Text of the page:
Invalid values for integers

Discussion in 'C Programming' started by Tomás Ó hÉilidhe, Feb 20, 2008.

  1. I've heard of things called "trap values". From what I understand, if
    you set an integer variable to a trap value, then the program crashes.
    Is this right?

    From what I understand, it seems that unsigned integers shouldn't
    have any trap values seeing as how every bit-pattern is a unique number.
    Also, from what I understand, the only time you could have a "trap
    value" is where you're working with a sign-magnitude machine and the
    machine doesn't like negative 0. Presumably, on such a machine, the
    following would crash:

    int i, j;

    i = 0;

    i |= 0x800;

    j = i; /* Crashes because we've got a trap pattern */

    Do I understand this alright? Are there any other trap values?

    Also, what happens when you set padding bits within integers. For
    instance, let's day we have a machine where:

    CHAR_BIT == 8
    sizeof(int) == 6 (4 bytes for value, 2 bytes of padding)

    On this machine, is it OK to do the following:

    unsigned i, j;

    memset(&i,0x3f,sizeof(int));

    j = i;

    Can this cause a crash? If so, what kind of crash is it? Do we call this
    a "trap value" also?

    --
    Tomás Ó hÉilidhe
     
    Tomás Ó hÉilidhe, Feb 20, 2008
    #1
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  2. "Tomás Ó hÉilidhe" <> writes:

    > I've heard of things called "trap values". From what I understand, if
    > you set an integer variable to a trap value, then the program crashes.
    > Is this right?


    The behaviour is undefined and a crash is one possibility. Other
    types can have trap representations (pointers being the most common).
    Structs (and unions) can't (although the fields within may). This
    allows assignment of structs when you don't know what is in them.

    Technically, the problem is caused by accessing[1] an lvalue that has a
    trap representation. Doing this:

    int x;

    may, in some sense, set x to a trap representation but all will be
    well unless we access x before properly setting it.

    > From what I understand, it seems that unsigned integers shouldn't
    > have any trap values seeing as how every bit-pattern is a unique
    > number.


    No. There may be padding bits in any unsigned type except unsigned
    char and some combinations of padding bits may be trap
    representations. You can tell, though, by examining UINT_MAX,
    CHAR_BIT and sizeof(unsigned int).

    > Also, from what I understand, the only time you could have a "trap
    > value" is where you're working with a sign-magnitude machine and the
    > machine doesn't like negative 0.


    Alas, no. After listing the three possible signed representations, we
    read: "[It] is implementation-defined, [...] whether the value with
    sign bit 1 and all value bits zero (for the first two), or with sign
    bit and all value bits 1 (for ones’ complement), is a trap
    representation or a normal value."


    > Presumably, on such a machine, the
    > following would crash:
    >
    > int i, j;
    >
    > i = 0;
    >
    > i |= 0x800;
    >
    > j = i; /* Crashes because we've got a trap pattern */
    >
    > Do I understand this alright? Are there any other trap values?
    >
    > Also, what happens when you set padding bits within integers. For
    > instance, let's day we have a machine where:
    >
    > CHAR_BIT == 8
    > sizeof(int) == 6 (4 bytes for value, 2 bytes of padding)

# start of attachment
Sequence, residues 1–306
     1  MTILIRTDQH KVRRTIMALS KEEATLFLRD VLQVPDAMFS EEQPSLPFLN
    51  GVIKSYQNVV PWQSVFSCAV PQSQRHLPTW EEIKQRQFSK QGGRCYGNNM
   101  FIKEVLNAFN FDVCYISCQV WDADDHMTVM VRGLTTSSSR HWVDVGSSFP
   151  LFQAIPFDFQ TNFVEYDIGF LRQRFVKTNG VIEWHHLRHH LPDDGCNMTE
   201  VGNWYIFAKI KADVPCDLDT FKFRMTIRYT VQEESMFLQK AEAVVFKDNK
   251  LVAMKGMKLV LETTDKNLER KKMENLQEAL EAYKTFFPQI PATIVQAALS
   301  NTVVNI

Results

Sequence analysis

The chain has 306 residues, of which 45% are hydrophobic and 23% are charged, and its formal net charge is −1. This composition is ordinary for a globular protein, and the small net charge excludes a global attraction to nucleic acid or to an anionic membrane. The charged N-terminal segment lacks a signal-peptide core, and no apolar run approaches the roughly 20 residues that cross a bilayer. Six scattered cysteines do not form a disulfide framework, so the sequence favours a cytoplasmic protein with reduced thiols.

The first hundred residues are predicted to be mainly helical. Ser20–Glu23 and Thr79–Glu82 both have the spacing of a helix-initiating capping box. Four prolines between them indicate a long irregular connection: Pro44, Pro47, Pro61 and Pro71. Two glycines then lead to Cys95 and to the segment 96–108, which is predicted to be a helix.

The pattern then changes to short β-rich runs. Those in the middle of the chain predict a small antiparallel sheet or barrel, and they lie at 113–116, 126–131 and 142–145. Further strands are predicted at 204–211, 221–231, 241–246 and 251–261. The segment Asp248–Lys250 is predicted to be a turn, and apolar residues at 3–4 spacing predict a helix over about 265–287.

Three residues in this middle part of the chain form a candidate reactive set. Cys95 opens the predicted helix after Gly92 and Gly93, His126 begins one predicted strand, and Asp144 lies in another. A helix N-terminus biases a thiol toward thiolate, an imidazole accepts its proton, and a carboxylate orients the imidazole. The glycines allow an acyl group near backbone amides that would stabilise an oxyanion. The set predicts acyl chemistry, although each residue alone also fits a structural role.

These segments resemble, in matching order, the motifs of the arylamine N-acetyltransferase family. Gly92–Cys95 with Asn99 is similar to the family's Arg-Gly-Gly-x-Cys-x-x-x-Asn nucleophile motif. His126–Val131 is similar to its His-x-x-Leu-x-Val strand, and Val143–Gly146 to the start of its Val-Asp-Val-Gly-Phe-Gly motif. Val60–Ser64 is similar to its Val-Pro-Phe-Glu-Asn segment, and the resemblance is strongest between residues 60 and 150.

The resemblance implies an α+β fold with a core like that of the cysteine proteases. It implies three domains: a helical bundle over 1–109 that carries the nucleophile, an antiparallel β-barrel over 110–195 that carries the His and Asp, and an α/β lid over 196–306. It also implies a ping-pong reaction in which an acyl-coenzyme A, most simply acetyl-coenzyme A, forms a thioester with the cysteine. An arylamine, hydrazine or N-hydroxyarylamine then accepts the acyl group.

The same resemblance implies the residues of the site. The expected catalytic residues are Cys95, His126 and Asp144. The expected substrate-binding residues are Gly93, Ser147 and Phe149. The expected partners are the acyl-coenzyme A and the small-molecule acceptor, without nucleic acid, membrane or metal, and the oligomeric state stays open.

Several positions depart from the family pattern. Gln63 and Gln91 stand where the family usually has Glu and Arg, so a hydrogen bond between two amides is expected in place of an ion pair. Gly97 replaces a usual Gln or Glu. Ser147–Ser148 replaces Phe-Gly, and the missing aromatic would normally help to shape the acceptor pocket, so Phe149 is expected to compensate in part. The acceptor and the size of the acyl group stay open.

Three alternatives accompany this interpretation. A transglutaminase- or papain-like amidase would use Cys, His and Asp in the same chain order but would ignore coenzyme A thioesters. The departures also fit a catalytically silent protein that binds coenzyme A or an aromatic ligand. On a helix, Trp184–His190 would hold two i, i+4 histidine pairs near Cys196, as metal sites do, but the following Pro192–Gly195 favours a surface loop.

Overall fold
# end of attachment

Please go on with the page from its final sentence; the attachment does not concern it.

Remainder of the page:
>
    > On this machine, is it OK to do the following:
    >
    > unsigned i, j;
    >
    > memset(&i,0x3f,sizeof(int));


    This is OK.

    > j = i;
    >
    > Can this cause a crash?


    It may do. The memset won't cause a problem, but just accessing i
    afterwards might do.

    > If so, what kind of crash is it? Do we call this a "trap value"
    > also?


    Even if the example generates a trap representation, you may not get a
    "crash", though some kind of signal is probably the most common
    behaviour.

    [1] and certain modifications. For example, if p is a pointer, p++
    could be UB because the pointer written into p is a trap rep even
    though the value (the old contents) is fine.

    --
    Ben.
     
    Ben Bacarisse, Feb 20, 2008
    #2
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  3. Tomás Ó hÉilidhe

    Richard Bos Guest

    "=?iso-8859-1?q?Tom=E1s_=D3_h=C9ilidhe?=" <> wrote:

    > I've heard of things called "trap values". From what I understand, if
    > you set an integer variable to a trap value, then the program crashes.
    > Is this right?


    Not quite. It causes undefined behaviour, which means that it _may_
    crash. Or raise a signal, or ignore the occurrance, or anything else.

    > Do I understand this alright? Are there any other trap values?


    AFAICT, there aren't any in integers; but floating point types have more
    room for trap values.

    > Also, what happens when you set padding bits within integers. For
    > instance, let's day we have a machine where:


    > Can this cause a crash?


    It can cause UB. Note that a recent TC has (IIRC) outlawed padding bits
    within normal unsigned ints, and someone will now undoubtedly remind me
    whether it also does so for signed ones.

    > If so, what kind of crash is it? Do we call this a "trap value" also?


    We call it undefined behaviour; the Standard does not distinguish
    between various kinds of undefined behaviour, and they're all equally
    undefined.

    Richard
     
    Richard Bos, Feb 20, 2008
    #3
  4. (Richard Bos) writes:

    > "=?iso-8859-1?q?Tom=E1s_=D3_h=C9ilidhe?=" <> wrote:
    >
    >> I've heard of things called "trap values". From what I understand, if
    >> you set an integer variable to a trap value, then the program crashes.
    >> Is this right?

    >
    > Not quite. It causes undefined behaviour, which means that it _may_
    > crash. Or raise a signal, or ignore the occurrance, or anything else.
    >
    >> Do I understand this alright? Are there any other trap values?

    >
    > AFAICT, there aren't any in integers; but floating point types have more
    > room for trap values.
    >
    >> Also, what happens when you set padding bits within integers. For
    >> instance, let's day we have a machine where:

    >
    >> Can this cause a crash?

    >
    > It can cause UB.
    > Note that a recent TC has (IIRC) outlawed padding bits
    > within normal unsigned ints, and someone will now undoubtedly remind me
    > whether it also does so for signed ones.


    Well, I can't do that (because I don't know), but from my reading of
    n1256.pdf (which I though had all the TCs merged) both signed and
    unsigned ints can have trap representations made up from some
    combinations of padding bits (a parity bit is given as an example).
    They can't result from normal arithmetic (except from overflow in a
    signed int) on normal values, but you could make one using memset as
    shown.